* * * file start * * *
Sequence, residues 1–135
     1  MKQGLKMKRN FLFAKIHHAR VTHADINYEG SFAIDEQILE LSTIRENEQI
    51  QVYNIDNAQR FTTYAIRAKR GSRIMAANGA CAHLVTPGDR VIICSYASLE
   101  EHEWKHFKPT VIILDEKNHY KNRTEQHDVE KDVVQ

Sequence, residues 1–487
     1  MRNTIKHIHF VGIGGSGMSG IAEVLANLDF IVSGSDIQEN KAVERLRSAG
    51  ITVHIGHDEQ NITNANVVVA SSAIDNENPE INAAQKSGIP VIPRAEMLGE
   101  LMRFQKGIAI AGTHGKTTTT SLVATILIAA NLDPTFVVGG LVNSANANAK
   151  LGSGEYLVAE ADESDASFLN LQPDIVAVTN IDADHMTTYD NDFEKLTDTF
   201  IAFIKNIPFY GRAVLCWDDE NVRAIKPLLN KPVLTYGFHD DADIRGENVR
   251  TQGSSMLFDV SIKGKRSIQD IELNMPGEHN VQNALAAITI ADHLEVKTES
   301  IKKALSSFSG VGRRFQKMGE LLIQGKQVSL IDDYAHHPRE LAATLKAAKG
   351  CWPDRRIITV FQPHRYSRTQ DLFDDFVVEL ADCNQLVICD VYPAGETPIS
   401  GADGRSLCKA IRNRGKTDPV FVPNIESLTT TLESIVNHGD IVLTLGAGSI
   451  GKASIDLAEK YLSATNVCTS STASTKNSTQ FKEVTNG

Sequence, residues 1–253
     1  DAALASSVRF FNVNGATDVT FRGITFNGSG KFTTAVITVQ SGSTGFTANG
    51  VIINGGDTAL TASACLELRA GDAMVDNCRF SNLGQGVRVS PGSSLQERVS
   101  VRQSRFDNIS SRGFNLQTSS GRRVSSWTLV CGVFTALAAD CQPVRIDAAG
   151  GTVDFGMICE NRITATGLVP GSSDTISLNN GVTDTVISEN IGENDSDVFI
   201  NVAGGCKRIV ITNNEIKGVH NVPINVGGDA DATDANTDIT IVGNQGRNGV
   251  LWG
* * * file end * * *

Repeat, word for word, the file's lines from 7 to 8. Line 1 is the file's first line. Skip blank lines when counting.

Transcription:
    51  ITVHIGHDEQ NITNANVVVA SSAIDNENPE INAAQKSGIP VIPRAEMLGE
   101  LMRFQKGIAI AGTHGKTTTT SLVATILIAA NLDPTFVVGG LVNSANANAK